Licensed Chemical sellers advise to refer canine chew circumstances to hospitals

The deputy director of veterinary services in charge of public veterinary health and food safety, Dr. Geoffrey Akabua, has appealed to licensed chemical vendors to refer those who report dog bites to the nearest hospital for further investigation.

He warned them not to offer any form of treatment or vaccination to such victims and stated that licensed chemical vendors were not assigned to perform such illegal functions.

Dr. Akabua spoke in an interview with the Ghana News Agency (GNA) in Dormaa Ahenkro after a training program for some selected poultry farmers, non-prescription drug sellers (OTCMS), veterinary drug sellers and feed mill manufacturers in the central municipality of Dormaa about the implementation of the National Action Plan to Combat Antibiotic Resistance ( AMR).

The training was organized by the Ministry of Health (MOH) in collaboration with the Ministry of Food and Agriculture (MOFA) and sponsored by the World Health Organization (WHO).

He complained that the demeanor of some doctors and doctors who refused to send reports to veterinary officers in the district about people who had reported suspected rabies in their health facility did not help track down such victims and the dogs to investigate possible signs of rabies.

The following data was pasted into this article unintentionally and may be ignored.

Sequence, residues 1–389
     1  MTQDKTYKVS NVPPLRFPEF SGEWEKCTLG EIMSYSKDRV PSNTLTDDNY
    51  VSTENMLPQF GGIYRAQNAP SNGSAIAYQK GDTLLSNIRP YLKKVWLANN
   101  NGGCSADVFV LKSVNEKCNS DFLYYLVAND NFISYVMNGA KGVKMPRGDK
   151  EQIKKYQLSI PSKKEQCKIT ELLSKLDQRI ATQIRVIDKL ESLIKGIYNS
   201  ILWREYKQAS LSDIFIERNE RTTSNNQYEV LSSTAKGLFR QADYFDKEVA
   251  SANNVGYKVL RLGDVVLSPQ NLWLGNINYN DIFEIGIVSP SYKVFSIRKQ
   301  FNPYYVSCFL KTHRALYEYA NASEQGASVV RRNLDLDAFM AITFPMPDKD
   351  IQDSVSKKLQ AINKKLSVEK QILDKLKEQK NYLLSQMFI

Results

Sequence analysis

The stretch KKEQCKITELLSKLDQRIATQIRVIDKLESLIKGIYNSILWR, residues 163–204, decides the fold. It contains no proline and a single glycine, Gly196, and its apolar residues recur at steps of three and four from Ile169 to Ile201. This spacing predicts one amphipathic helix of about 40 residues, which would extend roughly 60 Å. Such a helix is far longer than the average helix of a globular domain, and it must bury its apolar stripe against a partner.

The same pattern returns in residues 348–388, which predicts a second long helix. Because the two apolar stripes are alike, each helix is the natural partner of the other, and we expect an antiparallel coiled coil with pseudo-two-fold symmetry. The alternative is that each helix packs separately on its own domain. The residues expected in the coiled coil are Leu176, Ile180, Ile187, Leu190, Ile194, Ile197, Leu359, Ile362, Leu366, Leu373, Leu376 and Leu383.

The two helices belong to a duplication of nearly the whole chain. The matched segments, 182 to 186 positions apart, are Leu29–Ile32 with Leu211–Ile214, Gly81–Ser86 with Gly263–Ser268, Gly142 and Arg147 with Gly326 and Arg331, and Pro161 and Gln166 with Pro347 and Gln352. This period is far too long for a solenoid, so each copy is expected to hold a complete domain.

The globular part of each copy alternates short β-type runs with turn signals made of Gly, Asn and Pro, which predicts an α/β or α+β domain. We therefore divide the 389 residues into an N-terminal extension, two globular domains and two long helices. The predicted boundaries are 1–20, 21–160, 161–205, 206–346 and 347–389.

Rabies is a viral disease that vaccinations prevent in both animals and humans. However, chemical vendors can only provide first aid by washing the site of the bite with running water and taking it straight to the hospital. Any attempt by a licensed chemical dealer to inject victim of a dog bite is a criminal offense as it could lead to the death of the person, he said.

He observed that chemical vendors offered anti-tetanus serum to victims who cannot fight viral infections, but gave the victims hope that they had been treated, adding that access to rabies vaccines was not common for humans.

The deputy director of the veterinary service said the examinations carried out by the veterinary officers to detect possible signs of rabies would inform doctors and guide them on whether to continue treating rabies.

Dr. Akabua said it is the duty of the veterinary officers to check rabies vaccination certificates and not the doctors in the consulting rooms.

The Ministry of Health’s technical officer for pharmaceuticals, Dr. Brian Asare, mentioned that attendees would be trained on antibiotic resistance (AMR), control of AMR, and concerns about AMR for human and animal health and effects.

Dr. Speaking on the subject of Antimicrobial Resistance and Antimicrobial Responsibility for Human Health, Asare noted that microbes developed the ability to transmit, share character and strength, which led to the development of resistance to microbes.

He urged participants to drink water frequently, maintain personal hygiene and environmental sustainability, and exercise regularly to develop AMR.

Professor Kwame Ohene Buabeng, Head of the Department of Pharmaceutical Practice at Kwame Nkrumah University of Science and Technology (KNUST), gave an overview of antibiotic resistance and antimicrobial responsibility for human health and said AMR has become a global problem in antibiotic abuse .

He urged chemical vendors to avoid the habit of being driven by money and protect themselves from poor storage and substandard drugs, as fighting the AMR problem was a shared responsibility.

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